There have been a total of 1,777 people who died with Covid-19 in Ireland, many of them elderly people living in nursing homes.
As the virus gripped the country earlier this year, care homes bore the brunt of its force with hundreds of lives lost.
Figures provided by the Department of Health show that Ireland recorded its highest death toll on April 20 when 77 people died from the virus.
After health officials confirmed the first case on February 29, there have since been 28,578 people diagnosed with Covid-19.
Ireland hit its highest number of cases in one day when 936 were recorded on April 23.
HSE chief executive Paul Reid said it has been a “a long six months” since the first Covid-19 case confirmed in the State.
“Much learning, hurt, sorrow, grieving and frustration.
“But there’s also been inspirational responses from the public and healthcare workers,” he tweeted.
“A more difficult phase now but the same virus.”
As society eased out of lockdown restrictions, cases have been steadily rising since mid-July, prompting acting chief medical officer Dr Ronan Glynn to issue warnings about the spike, particularly among young people.
While alarm bells were sounded over the jump in cases, there has been a fall-off in the number of people admitted to hospital and the number of deaths.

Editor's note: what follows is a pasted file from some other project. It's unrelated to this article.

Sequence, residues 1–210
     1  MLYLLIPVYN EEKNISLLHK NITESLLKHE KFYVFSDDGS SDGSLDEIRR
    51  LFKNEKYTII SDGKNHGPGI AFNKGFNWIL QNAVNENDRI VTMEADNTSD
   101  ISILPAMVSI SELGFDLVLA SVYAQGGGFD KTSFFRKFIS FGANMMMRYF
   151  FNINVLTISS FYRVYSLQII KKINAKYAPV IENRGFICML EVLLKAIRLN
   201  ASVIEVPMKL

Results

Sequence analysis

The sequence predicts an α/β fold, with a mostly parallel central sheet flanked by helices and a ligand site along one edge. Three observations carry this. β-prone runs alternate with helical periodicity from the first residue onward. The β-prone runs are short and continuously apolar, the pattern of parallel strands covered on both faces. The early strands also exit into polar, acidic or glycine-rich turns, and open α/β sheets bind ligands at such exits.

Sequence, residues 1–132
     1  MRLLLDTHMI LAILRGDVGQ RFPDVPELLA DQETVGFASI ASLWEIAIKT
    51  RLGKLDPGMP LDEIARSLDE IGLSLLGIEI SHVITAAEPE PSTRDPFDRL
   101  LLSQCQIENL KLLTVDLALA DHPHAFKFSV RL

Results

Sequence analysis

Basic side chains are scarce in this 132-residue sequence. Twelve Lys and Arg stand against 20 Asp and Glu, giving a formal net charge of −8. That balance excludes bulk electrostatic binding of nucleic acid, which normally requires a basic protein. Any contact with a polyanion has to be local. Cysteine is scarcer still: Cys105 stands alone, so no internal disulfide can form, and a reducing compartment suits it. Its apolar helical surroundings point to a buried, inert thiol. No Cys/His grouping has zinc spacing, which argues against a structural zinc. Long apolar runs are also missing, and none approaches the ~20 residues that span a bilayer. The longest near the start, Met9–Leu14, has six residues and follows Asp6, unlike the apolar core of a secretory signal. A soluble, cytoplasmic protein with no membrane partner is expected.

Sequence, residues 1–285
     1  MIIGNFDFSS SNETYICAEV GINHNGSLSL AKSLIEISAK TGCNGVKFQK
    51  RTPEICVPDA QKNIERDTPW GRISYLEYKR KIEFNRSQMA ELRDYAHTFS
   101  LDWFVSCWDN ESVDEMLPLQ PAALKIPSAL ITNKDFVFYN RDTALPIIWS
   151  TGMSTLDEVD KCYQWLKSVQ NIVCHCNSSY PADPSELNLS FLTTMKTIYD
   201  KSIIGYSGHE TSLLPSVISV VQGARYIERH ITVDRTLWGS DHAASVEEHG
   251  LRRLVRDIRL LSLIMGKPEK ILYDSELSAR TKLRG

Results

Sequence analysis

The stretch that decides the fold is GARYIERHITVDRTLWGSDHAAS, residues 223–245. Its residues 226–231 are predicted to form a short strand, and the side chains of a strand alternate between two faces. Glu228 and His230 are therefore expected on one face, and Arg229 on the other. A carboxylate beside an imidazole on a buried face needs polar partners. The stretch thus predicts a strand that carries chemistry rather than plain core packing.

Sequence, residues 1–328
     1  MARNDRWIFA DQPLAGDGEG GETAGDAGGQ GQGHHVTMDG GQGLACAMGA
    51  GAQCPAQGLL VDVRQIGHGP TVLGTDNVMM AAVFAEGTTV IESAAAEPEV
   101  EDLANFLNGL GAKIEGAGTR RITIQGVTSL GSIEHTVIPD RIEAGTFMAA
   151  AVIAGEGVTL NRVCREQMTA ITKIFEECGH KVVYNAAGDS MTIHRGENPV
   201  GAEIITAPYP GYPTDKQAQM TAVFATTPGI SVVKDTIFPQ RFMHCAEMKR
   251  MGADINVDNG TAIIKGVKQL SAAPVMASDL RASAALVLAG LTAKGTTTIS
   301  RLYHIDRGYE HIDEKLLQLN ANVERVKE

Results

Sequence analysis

There are currently five people in Intensive Care Units and 30 people in hospital with the disease.
A total of 127 new cases of Covid-19 and no further deaths were reported by the Department of Health of Friday.
It comes as the government said gardai will receive tough new powers to shut pubs which break Ireland’s coronavirus rules.
Fines of up to €2,500 or a maximum of six months in prison will be the sanction if bars infringing social distancing regulations refuse to close for a day.
Closure orders could be issued by a district court resulting in a pub being shut for up to 30 days.
Plan to reopen drink-only hostelries have been put on hold again as the government attempts to contain the cases.
Tanaiste Leo Varadkar announced a €16million support package for pubs, bars and nightclubs which are enduring a prolonged wait to raise shutters.
The new initiatives included waiving court fees and associated excise and stamp duties relating to the renewal of pub and other liquor licences and waiver of excise duty on on-trade liquor licences on renewal this year.